Supporting Your Gifted Child
Many people don’t realize that parenting an intellectually gifted child is truly parenting a child with special needs. These needs are founded in strengths, but they do require special attention and extra resources. Parenting a child with special needs, of any variety, requires extra time, money and energy.
You may be wondering whether your child is gifted. Generally, a child who has an I.Q. of 130 or more is considered intellectually gifted. The National Association for Gifted Children (NAGC) defines giftedness as children who have ability significantly above the norm for their age in one or more domains, including: intellectual, creative, artistic, leadership, or in a specific academic field such as language arts, mathematics or science. Giftedness exists in all demographic groups and personality types.
According to the National Association for Gifted Children (www.nagc.org), in 2014-2015, Oklahoma had identified 97,186 gifted students out of a total population of 688,300. The state mandates identification and services for gifted and talented students (https://sde.ok.gov/gifted-and-talented-education). The website for the Oklahoma Association for the Gifted, Creative & Talented is www.oagct.org.
I’ll share some common signs, and tips for addressing them, in this column. It’s important to remember that each child is unique and may not display all of these traits. Giftedness is often hereditary. The gifted child will frequently score within 10 points of a parent. There are many formal assessments to determine whether a child is gifted, and it’s helpful to identify children early. However, testing is usually not recommended before age 5.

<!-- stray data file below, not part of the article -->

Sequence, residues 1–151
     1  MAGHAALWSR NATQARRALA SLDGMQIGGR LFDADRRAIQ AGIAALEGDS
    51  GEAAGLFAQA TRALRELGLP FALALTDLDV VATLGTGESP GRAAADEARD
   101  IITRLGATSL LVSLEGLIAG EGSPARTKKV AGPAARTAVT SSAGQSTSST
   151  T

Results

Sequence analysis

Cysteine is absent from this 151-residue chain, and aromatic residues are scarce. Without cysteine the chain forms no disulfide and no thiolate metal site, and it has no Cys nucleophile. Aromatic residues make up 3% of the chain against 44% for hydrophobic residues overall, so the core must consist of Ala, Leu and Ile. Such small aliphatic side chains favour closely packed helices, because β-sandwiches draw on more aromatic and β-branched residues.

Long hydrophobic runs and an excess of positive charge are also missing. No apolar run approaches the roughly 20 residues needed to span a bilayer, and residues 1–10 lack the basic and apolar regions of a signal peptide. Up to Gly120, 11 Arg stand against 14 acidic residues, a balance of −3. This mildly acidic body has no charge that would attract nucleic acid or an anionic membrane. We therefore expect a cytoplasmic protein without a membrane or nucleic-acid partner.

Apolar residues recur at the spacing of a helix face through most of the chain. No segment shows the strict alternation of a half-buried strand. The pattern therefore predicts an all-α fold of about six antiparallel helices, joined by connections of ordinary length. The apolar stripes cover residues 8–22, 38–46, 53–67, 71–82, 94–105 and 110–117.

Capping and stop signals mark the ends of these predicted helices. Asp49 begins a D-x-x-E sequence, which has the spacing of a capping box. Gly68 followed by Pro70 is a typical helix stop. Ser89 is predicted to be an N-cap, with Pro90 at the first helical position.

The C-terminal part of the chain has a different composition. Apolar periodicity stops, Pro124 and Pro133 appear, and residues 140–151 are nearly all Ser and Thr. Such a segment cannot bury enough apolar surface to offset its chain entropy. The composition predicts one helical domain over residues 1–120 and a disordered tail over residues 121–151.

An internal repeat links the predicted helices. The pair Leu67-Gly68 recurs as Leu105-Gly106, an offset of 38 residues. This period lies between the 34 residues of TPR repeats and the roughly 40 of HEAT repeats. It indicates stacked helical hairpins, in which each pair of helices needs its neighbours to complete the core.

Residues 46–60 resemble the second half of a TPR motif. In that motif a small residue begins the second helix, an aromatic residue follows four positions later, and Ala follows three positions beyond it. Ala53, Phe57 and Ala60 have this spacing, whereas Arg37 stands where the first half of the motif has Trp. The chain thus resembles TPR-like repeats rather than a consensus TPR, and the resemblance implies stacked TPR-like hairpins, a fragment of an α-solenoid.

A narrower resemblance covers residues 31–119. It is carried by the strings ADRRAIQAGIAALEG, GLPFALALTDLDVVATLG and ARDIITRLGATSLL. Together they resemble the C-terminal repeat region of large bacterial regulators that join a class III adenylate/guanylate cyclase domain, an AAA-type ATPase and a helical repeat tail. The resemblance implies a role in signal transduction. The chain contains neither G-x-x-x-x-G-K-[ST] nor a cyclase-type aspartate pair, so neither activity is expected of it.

Traits of Gifted Children
- Gifted children often command a large vocabulary. They will frequently prefer adult conversation to those with their peers. It is important to encourage your gifted child to engage with same-age peers. Not doing so can lead to a sense of isolation.
- Intellectually gifted children often display strong feelings and can be very opinionated. Because they are also often very self-aware, they may recognize that they are different. This may lead them to feel left out. Many become introverted. It may be helpful to consider a school for gifted children where the student will be surrounded by others who are similar. Tulsa is fortunate to have The University of Tulsa University School. Both of my sons attended. One didn’t “fit in” socially when attending public school. He truly blossomed when placed with others more like him. I witnessed a substantial jump in his self-confidence.
- Young gifted children may become bored easily. They learn by being exposed to new stimuli. At home, you may find that the gifted child loses interest in new toys quickly. Be prepared to expand your toy budget.
- Gifted children frequently focus intensely on one specific interest. One of my sons wanted to learn everything about dinosaurs. At age 6 or 7, he undoubtedly knew more about dinosaurs than the average adult. I’ve also taught some gifted children. One of these children was fanatical about trains. Everything he drew or wrote about dealt with trains. This was one of the signs I recognized in him when I requested that he be tested.
- Gifted children are able to teach themselves and can remember things easily. Some may be reading and writing before they ever attend school. In my third grade classroom, I can sometimes spot these children because they are often able to solve a new type of math problem by using logic and reasoning.
- These children may have an original way of expressing themselves. You may find that they are able to write extremely well. Their stories may be very complex and well developed.